DM: What are the major elements that you think are important to consider when telling a compelling story, that you’ll describe in more detail in your workshop?
TS: Another key element in storytelling that covers a lot of narrative territory is that meaning comes through contrast and opposition. If you’re trying to make a point like all corporations are corrupt, then there’s no opposition and you’re not telling a story, you’re making a one-sided argument. The notion that meaning comes through contrast and opposition relates to the outer worlds of the story, the orchestration of your characters in the character web and the inner world of theme or what the story is about. In Erin Brockovich there is an outer contrast between what is justice, and how the system of justice functions; Erin’s dilemma is that she is torn between finding justice for the victims of PG&E’s toxic water spill and being a responsible mother; and there is an inner contrast between her instinctual drive to help people and to mother her children.
DM: Without giving away all your wisdom, can you mention a couple of films that you like to use as examples of good storytelling?
TS: Erin Brockovich and Little Miss Sunshine are two films that I use; The Good Wife and Homeland are two television series that I use. With these examples, we can explore the different ways that female protagonists and male protagonists achieve their goals but more to the point, the unique way that transformation and change takes place in these stories.
DM: Is there anything else people might be interested in knowing before signing up for your workshop, that tells them why they should learn from you?
TS: After writing two successful screenplays that were sold but not produced, I experienced writer’s block and depression. This began my journey into exploring the relationship between the creative process and the stories that we’re telling, with brilliant guidance by my mentor, mythologist Jean Houston.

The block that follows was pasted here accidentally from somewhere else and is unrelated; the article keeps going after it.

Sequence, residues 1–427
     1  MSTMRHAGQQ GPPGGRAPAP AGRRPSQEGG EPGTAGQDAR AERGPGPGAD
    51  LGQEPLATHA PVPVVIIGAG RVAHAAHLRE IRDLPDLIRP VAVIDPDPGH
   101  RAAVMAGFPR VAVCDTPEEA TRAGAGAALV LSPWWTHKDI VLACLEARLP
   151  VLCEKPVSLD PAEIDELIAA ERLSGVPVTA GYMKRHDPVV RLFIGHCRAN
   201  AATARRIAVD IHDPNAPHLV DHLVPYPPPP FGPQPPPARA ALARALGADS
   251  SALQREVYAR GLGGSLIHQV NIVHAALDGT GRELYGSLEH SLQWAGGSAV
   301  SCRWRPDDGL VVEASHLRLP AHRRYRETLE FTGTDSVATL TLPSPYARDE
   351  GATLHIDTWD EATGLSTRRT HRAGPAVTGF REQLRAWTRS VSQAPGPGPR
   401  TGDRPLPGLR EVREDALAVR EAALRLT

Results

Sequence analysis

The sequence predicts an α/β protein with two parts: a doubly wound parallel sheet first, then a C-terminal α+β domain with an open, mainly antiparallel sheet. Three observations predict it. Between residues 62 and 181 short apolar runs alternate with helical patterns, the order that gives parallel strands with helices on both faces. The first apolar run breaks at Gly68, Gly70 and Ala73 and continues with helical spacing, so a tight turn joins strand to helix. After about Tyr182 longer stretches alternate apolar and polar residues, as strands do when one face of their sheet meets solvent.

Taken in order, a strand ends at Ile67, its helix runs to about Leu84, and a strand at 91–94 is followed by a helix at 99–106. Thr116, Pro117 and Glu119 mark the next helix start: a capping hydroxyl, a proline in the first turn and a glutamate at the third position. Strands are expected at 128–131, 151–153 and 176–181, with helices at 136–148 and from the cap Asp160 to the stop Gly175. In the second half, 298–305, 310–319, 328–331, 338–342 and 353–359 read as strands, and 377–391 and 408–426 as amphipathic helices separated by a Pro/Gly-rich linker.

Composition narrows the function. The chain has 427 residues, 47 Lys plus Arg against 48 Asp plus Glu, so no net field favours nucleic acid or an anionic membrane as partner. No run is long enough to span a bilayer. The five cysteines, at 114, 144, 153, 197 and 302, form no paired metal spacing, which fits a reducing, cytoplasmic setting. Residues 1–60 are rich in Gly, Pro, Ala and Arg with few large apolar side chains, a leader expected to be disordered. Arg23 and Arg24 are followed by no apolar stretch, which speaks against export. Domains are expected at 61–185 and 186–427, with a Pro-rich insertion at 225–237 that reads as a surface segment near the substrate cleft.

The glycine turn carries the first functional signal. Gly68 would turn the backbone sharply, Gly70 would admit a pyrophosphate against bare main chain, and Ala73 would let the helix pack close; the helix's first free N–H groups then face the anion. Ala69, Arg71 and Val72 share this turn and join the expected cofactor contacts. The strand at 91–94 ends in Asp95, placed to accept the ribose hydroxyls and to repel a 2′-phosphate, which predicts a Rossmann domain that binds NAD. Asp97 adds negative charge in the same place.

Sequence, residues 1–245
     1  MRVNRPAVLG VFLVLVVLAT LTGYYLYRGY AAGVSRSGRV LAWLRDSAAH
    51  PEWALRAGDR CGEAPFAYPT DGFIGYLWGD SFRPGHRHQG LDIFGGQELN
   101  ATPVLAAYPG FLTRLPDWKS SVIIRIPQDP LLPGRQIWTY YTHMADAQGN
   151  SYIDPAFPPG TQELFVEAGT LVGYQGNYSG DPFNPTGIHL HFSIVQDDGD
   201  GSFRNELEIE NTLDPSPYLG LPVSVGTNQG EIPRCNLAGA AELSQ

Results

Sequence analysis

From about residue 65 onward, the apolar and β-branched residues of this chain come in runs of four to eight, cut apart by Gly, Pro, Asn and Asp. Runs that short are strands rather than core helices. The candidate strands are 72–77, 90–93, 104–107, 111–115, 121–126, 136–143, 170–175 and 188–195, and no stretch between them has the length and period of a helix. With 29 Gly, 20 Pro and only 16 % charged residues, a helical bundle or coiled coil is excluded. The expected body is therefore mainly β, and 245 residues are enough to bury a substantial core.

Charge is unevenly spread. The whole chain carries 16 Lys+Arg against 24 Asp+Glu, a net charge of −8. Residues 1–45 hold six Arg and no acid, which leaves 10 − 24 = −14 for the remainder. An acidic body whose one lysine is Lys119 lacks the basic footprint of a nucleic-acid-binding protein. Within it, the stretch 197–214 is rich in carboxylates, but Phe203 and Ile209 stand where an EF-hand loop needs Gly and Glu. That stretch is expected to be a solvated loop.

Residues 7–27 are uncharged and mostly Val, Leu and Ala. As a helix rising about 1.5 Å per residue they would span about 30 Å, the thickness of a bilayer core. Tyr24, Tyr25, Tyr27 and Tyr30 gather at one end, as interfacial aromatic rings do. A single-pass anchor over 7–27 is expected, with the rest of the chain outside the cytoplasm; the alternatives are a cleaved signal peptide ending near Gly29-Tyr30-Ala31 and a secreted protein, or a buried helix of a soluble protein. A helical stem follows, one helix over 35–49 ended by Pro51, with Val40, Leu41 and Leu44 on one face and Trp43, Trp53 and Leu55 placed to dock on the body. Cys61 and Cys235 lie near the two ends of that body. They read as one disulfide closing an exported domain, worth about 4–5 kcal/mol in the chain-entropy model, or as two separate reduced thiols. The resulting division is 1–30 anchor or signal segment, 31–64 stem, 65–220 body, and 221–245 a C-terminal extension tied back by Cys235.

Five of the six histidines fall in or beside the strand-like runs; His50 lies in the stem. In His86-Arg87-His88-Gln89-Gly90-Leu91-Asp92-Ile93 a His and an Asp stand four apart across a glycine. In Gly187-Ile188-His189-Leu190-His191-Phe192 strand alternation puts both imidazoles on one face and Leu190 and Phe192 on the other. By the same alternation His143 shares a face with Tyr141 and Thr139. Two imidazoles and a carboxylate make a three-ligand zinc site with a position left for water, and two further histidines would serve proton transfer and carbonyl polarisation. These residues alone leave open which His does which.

What I learned from Jean is that stories are in our DNA, in our cells and in our bones and that it is our job to allow them to be expressed. How do you do this? In the Heroine’s Journey workshop, you actually experience what it’s like to go on the journey. We do this through storytelling, watching film clips, experiencing harmonic sounds and creative imaging exercises so that you have a bodily felt experience of the journey.
This suggests other key aspects of our inner feminine when creating these stories: allowing and receiving.
In this way, receiving becomes an act of creation.
If you’re interested in taking Tom Schlesinger’s two-day workshop, The Heroine’s Journey: Storytelling through Myths, Dreams and Movies, you can sign up through Eventbrite. It’s on Saturday Dec 31st 10am-6pm and Sunday Jan 1st 10am-5pm at Victorian House in San Francisco. For more information about Tom, or if you can’t make the workshop but you’re interested in learning from him in the future, visit his website at www.tomschlesinger.com.
Tom Schlesinger has taught storytelling seminars at Pixar Animation Studios, Lucasfilm, the Esalen Institute, the Red Bull Media House, the American Film Institute, the Mill Valley Film Festival, the Writers Guild of America, the Directors Guild of America, and the Saybrook Institute. Tom was the story mentor on the female-driven Academy Award-winning Nowhere in Africa and Academy Award nominee, Beyond Silence; he was the writer/consultant on the HBO documentaries A Small Act and Prom Night in Mississippi, featuring Morgan Freeman, and was Creative Producer on Shirley: Visions of Reality, which premiered at the Berlinale and has been shown internationally.